with the outlawed Irish Republican Army fighting a guerrilla war against British rule and Britain sending in troops to patrol the region.

Ordination Continued from page one Deacons will be Rev. Michael Thomas of the diocese of St. Maron and Rev. Mr. David Williams of the Hartford archdiocese. A reception will follow the Mass at St. Julie Billiart church hall, North Dartmouth. . Clergy, religious and laity are invited to the cathedral ceremony. Priests wishing to concelebrate are asked to bring amice, alb, cincture and stole, while those wishing to participate in the laying on of hands ceremony should wear cassock and surplice.

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8

THE ANCHOR-Diocese of Fall River-Thurs., July 9, 1981

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the preaching of the Gospel. On the homefront, the Legion of Mary remains a vibrant organization for' the formation and spiritual growth of members. Here in the diocese of Fall River we have many parish units. Members of these praesidia, as local groups are called, pray together weekly and engage in a wide variety of apostolic works. The Legion of Mary in the diocese of Fall River is, as far as can be determined, the sole Di· ocesan -Legion in the United States to have three distinct language groups among its praesidia; English, Portuguese and Spanish. Those who would like to learn more about the Legion of Mary are invited to send their names and addresses to The Anchor for transmittal to diocesan officials.

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great personal peril literally "kept the faith" by following the spiritual program to which they had been introduced through the Legion. In general, the spread of the Legion of Mary in this 20th century has been quite remarkable. Founded in Dublin on the 7th day of September, 1921, the eve of the feast of our Blessed Mother's nativity, the Legion of Mary rapidly spread throughout the world. The burning spirit of the Legion's founder, Frank Duff, who passed to his heavenly reward on November 7th of last year, inspired pilgrims or "peregrini" to journey to the farthest corners of the world to spread the Faith through devotion to Mary. "Peregrinatios," as such missions were called, touched the lives and souls of countless thousands in remote countries long before it was fashionable to use such terms as Third World countries or emerging nations. In Asia and Africa ,the Legion of Mary was established precisely as a proven, successful element of the process of evangelization,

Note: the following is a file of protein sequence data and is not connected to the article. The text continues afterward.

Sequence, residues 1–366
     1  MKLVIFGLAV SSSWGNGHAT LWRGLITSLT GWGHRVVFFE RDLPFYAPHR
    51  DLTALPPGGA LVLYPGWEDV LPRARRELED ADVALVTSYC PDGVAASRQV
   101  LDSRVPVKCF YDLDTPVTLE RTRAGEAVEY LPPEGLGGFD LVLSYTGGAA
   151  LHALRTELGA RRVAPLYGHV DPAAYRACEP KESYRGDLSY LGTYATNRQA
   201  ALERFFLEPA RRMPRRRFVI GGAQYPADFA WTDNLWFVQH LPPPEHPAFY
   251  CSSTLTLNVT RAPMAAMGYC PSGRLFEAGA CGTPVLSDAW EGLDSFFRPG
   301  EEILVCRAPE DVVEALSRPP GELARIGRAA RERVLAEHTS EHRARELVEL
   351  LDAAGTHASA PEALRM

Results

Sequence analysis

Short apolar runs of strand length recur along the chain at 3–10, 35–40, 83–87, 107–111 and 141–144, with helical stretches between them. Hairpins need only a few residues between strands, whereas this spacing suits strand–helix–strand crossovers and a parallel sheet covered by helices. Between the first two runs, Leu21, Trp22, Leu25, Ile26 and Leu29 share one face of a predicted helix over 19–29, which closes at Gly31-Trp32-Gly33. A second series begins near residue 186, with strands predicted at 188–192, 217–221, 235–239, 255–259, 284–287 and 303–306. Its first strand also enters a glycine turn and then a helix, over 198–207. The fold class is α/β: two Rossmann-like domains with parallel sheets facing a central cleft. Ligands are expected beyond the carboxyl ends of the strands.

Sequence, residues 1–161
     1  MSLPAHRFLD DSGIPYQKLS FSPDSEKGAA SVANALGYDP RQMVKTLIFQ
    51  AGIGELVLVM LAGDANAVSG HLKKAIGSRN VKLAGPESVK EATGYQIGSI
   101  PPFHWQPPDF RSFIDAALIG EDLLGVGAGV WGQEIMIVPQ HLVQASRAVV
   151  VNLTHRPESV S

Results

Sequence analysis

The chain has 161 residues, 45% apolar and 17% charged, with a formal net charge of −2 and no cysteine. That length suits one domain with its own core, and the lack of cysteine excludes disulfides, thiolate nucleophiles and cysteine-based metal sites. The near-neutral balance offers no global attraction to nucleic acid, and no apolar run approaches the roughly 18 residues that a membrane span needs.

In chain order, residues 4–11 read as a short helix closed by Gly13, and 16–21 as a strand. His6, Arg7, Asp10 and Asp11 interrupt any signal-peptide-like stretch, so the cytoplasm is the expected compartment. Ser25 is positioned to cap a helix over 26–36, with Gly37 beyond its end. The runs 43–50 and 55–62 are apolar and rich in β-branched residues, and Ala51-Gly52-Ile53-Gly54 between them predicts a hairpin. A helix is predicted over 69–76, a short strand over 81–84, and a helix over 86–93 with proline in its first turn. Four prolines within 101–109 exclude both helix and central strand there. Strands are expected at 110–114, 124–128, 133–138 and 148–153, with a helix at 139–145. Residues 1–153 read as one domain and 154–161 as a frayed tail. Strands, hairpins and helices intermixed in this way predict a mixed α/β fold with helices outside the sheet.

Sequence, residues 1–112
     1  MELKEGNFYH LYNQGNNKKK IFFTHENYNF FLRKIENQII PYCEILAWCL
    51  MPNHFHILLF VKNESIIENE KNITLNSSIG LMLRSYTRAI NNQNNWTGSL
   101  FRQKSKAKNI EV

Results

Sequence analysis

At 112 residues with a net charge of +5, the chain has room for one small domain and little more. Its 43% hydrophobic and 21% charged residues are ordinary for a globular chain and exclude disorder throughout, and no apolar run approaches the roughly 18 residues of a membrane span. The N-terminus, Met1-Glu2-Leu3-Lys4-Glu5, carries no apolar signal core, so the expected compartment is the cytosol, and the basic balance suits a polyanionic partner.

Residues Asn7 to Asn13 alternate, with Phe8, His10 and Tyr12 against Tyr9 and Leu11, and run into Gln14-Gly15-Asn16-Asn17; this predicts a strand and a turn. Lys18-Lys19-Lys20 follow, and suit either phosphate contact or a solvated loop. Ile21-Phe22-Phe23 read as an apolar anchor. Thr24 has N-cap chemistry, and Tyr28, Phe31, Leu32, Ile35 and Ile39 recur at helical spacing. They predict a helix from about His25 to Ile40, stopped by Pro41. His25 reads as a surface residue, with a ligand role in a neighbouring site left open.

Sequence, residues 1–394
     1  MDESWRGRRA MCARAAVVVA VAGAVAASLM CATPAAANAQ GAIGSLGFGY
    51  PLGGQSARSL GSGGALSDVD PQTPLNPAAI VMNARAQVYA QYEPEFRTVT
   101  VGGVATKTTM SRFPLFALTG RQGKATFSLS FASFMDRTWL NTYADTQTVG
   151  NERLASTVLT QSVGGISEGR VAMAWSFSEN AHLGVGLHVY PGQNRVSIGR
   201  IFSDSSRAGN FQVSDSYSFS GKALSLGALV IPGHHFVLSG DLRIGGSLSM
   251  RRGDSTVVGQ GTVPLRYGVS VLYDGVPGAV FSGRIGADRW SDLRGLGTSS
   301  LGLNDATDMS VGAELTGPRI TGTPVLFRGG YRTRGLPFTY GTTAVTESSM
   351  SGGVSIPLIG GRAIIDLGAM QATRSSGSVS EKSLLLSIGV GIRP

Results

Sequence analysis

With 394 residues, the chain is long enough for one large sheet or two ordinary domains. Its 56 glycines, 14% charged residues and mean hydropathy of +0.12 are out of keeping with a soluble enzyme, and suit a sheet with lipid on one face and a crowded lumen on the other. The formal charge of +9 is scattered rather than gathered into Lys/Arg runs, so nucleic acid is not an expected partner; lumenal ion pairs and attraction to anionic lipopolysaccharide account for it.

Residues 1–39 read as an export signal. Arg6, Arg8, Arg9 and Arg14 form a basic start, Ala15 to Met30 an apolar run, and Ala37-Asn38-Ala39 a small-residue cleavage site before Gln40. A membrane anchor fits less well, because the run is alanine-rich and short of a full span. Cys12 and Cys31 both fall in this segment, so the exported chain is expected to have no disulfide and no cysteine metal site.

Continued from page one houses to check on people with problems. The multiple nature of some was illustrated by a home where a mother with emotional difficulties was trying to handle four· year-old twins and a husband out of work due to an accident with a total lack of the English needed to communicate with those around her. Sister Avelar soothed, suggested and was firm, to the effect that the mother, at the end of the visit, seemed once more ready to cope with her -difficulties. The nun said that if no rides

materialize when she's on her taught in East Providence beerrands of mercy, she walks or, fore coming to Our Lady of Mt. armed with her senior citizen's -Carmel parish, where she has pass, hops a bus. been for the past 20 years. How did her one-woman apos"I occupy my time working, tolate begin? ._just the same as when I was "I always like to help people," young," she sums up. "If we she said "and after Vatican II, want to dedicate ourselves to when sisters could do more, I the good of society, we have a took every moment free to help them. Anyone that come to me lot to do." with need I'm very happy to And, climbing out of the reo help because I see Christ in porter's car to squeeze in one them." more visit to the lonely and lost Born in the Azores, Sister before returning to her convent, Avelar came to the United she said by way of farewell, "I States at age 19 and entered the just want to please God and Sisters of S1. Dorothy at 24. She praise God."


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THE ANCHOR-Diocese of Fall River-Thurs" July 9, 1981

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THE ANCHOR-Diocese of Fall River-Thurs., July 9, 1981

10

By Dr. James and Mary Kenny